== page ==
The government’s Executive Council has officially upheld a ban on the pro-independence Hong Kong National party, having rejected its appeal.

Last September, the embattled political group was banned by the government, citing the Societies Ordinance on the grounds of national security. It remains the first party to have been banned under the ordinance since the 1997 Handover.

Andy Chan
Andy Chan. Photo: Kris Cheng/HKFP.

Its co-founder Andy Chan presented his case to a committee formed by Executive Council members last month at a closed-door meeting at government headquarters. Chief Executive Carrie Lam was reportedly present at the appeal.

‘Public safety’

In a three-page letter dated February 21, Chan was informed that the chief executive and her cabinet had upheld the ban on national security and public safety grounds: “The evidence shows that the actions of the HKNP did not stop at thoughts (or opinions) and words; it has actively and persistently pursued the independence of Hong Kong by taking different actions,” the letter read.

The Executive Council also said that “there is no reasonable guarantee that the HKNP would not resort to violence or advocate violence.”

The letter described one of HKNP’s goals as “the establishment of a free and independent ‘Republic of Hong Kong,’” which the Executive Council found to be unconstitutional.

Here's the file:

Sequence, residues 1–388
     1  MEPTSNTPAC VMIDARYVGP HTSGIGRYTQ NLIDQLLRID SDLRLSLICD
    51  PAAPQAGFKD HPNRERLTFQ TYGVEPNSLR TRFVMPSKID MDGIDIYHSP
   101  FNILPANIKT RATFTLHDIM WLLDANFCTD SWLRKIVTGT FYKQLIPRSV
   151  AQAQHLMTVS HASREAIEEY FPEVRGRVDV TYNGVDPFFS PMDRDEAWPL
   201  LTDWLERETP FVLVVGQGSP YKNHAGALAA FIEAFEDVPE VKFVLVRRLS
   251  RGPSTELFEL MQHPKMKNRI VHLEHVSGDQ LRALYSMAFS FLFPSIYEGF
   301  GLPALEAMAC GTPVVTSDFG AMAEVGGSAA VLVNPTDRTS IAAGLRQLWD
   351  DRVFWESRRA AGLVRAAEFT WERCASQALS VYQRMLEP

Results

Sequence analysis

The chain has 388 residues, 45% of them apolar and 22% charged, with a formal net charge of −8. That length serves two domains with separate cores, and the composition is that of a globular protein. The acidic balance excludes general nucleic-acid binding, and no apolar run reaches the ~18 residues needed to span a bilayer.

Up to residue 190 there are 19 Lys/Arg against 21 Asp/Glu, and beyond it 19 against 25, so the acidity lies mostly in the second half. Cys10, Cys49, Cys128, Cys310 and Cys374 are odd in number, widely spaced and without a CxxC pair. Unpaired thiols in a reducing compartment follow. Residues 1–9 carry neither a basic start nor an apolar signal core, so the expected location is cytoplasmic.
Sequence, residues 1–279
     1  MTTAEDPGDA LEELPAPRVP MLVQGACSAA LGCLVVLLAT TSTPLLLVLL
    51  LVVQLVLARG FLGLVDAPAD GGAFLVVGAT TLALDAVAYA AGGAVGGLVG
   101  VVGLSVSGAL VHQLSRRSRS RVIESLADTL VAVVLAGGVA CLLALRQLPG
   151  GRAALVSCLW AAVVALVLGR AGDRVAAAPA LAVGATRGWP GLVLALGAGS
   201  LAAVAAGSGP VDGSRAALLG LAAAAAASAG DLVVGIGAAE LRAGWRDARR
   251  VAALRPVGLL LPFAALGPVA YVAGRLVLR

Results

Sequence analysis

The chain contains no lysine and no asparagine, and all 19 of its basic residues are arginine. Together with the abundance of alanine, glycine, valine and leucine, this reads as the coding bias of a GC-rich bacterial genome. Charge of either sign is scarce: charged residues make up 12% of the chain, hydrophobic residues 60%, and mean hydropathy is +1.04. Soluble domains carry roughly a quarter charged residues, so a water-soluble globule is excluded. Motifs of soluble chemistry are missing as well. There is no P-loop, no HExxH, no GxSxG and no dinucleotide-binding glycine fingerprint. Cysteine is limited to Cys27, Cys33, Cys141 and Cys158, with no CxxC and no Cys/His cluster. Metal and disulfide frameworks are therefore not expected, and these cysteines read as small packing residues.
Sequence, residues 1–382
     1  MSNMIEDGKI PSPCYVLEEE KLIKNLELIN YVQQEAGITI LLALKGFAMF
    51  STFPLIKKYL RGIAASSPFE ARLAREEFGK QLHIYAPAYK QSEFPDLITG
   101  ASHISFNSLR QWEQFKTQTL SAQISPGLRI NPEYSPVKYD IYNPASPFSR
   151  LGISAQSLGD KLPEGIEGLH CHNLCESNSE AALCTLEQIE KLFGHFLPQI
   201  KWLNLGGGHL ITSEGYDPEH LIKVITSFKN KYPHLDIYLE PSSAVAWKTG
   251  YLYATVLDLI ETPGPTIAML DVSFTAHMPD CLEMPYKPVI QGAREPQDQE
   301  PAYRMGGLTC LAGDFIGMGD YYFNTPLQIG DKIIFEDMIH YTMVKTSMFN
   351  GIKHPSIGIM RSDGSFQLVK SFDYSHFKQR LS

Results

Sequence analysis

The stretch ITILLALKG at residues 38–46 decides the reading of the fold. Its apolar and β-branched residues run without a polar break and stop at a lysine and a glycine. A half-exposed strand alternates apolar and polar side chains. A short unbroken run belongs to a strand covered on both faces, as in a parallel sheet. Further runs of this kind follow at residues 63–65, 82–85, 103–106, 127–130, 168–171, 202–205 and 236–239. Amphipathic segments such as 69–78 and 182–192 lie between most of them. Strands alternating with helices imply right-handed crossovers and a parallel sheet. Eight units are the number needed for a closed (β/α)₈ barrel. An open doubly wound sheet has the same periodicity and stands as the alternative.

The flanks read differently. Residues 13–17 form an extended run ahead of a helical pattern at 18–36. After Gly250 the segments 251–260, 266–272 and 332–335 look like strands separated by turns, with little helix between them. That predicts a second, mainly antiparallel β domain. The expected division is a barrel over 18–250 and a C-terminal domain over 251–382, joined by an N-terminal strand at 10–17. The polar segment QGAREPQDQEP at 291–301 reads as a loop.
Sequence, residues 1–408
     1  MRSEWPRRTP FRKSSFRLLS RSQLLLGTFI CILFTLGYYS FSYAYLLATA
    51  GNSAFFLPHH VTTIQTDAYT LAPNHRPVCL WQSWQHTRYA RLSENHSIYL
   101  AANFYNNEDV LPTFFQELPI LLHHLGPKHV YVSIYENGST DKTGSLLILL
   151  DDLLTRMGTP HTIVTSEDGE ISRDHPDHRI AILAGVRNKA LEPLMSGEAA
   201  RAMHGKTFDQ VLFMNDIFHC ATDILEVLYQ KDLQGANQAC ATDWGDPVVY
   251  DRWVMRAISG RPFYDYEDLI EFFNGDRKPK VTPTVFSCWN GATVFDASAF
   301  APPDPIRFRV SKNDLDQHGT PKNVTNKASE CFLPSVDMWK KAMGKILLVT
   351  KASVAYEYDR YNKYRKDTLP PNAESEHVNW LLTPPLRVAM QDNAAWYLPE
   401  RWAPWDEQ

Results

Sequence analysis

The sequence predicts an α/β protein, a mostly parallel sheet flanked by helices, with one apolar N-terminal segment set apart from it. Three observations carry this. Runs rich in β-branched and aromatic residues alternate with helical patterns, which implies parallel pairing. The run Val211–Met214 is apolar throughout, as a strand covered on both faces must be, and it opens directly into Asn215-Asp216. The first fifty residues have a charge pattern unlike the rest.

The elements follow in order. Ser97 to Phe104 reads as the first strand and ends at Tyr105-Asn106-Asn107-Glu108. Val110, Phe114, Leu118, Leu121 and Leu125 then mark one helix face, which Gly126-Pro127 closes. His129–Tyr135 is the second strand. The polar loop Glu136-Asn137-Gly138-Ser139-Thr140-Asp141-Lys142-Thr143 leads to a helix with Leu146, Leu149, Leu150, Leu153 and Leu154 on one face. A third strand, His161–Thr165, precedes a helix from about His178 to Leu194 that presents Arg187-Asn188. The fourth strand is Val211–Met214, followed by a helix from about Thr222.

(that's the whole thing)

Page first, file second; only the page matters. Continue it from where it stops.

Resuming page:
Chan had raised six issues of procedural unfairness but all were dismissed.

Hong Kong National Party
Hong Kong National Party’s Andy Chan and Jason Chow at a street booth. Photo: Facebook/Hong Kong National Party.

Chan could now file a judicial review to challenge the council’s decision. But he told reporters late on Thursday that he needed to consult his lawyers before deciding on the next move.

Under the Societies Ordinance, anyone who manages or assists in the management of an unlawful society may be subject to a HK$100,000 fine and three years in prison.

Kris Cheng is a Hong Kong journalist with an interest in local politics. His work has been featured in Washington Post, Public Radio International, Hong Kong Economic Times and others. He has a BSSc in Sociology from the Chinese University of Hong Kong. Kris is HKFP's Editorial Director.